to Pharmacotherapy
Edited by J. F. Cryan The ancient Greek term paradoxon is composed of the prefix
& B. E. Leonard. para (against) and the word doxa (opinion) and literally means
Karger. 2010. beside belief or contrary to expectation. Explaining what we
US$148.00 (hb). 274pp. currently know about brain function by means of paradoxes
ISBN: 9783805596053
brain findings that are counterintuitive and go against the grain
of established neuroscientific thinking can appear a paradoxical
exercise itself. However, this original, entertaining and informative
approach has been successfully undertaken by Narinder Kapur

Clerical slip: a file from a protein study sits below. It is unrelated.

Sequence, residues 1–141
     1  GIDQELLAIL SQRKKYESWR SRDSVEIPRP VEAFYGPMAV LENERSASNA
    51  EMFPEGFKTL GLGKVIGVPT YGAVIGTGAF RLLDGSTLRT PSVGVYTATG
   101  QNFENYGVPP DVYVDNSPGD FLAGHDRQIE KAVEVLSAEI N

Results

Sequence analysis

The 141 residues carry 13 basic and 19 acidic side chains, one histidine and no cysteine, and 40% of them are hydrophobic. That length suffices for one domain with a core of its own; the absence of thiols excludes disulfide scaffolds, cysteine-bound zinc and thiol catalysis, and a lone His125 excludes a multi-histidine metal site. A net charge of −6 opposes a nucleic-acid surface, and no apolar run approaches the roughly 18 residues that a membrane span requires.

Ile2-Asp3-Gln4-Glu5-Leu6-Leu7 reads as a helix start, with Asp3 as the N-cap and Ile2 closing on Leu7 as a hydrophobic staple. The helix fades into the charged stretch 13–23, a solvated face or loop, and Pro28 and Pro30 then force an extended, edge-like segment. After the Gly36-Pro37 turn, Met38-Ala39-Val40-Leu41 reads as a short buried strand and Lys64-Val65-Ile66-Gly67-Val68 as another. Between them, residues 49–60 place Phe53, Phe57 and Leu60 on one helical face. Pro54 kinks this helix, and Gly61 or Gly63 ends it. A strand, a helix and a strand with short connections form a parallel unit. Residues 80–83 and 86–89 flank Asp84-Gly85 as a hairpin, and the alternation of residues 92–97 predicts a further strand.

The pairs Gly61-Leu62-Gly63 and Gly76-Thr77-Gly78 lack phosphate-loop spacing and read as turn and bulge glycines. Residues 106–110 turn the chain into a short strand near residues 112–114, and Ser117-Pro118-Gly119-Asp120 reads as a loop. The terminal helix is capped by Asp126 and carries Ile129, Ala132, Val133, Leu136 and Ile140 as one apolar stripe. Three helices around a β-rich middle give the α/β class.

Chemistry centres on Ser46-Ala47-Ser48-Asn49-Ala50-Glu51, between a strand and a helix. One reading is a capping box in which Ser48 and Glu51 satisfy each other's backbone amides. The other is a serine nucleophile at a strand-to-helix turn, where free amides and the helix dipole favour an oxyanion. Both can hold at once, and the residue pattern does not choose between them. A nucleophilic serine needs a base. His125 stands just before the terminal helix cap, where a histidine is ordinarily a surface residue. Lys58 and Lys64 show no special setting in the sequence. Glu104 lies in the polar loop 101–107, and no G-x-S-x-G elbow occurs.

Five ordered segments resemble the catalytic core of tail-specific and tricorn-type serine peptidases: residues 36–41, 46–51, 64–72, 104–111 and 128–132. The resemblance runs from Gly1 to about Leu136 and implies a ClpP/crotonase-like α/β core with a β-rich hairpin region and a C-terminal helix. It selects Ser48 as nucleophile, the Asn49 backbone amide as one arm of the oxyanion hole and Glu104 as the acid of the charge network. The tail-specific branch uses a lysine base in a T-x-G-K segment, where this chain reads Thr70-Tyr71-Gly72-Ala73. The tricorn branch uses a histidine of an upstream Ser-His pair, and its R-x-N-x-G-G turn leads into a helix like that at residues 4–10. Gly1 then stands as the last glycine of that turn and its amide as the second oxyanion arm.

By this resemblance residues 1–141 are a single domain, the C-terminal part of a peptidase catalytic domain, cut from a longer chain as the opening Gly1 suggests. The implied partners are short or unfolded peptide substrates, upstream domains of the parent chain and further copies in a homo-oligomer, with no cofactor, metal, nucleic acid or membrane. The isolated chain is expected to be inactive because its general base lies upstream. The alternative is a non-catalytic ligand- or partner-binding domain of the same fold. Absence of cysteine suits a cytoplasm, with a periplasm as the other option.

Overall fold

and a panel of leading researchers in the fields of clinical and
cognitive neuroscience.
Featuring a foreword by Oliver Sacks, this multi-authored
volume covers a wide range of brain paradoxes across different
The book is well structured and reasonably comprehensive in its disciplines. Clinical neuropharmacology informs clinical
coverage. It comprises chapters on the hypothalamicpituitary epileptologists about the paradoxical worsening of seizures by some
adrenal (HPA) axis, brain-derived neurotrophic factor (BDNF) anti-epileptic drugs (e.g. carbamazepine in absence seizures). One

168
Book reviews

of the most controversial issues in neuroepidemiology is the situation and what this means for this particular individuals life.
paradoxical, yet consistent observation that an increased Now, it could be argued that what the project of narrative
proportion of tobacco smokers in a population correlates with a medicine is striving for is only relevant to internal medicine and
lower risk of developing Parkinsons disease. An intriguing chapter the surgical specialties. For, psychiatry by definition is as much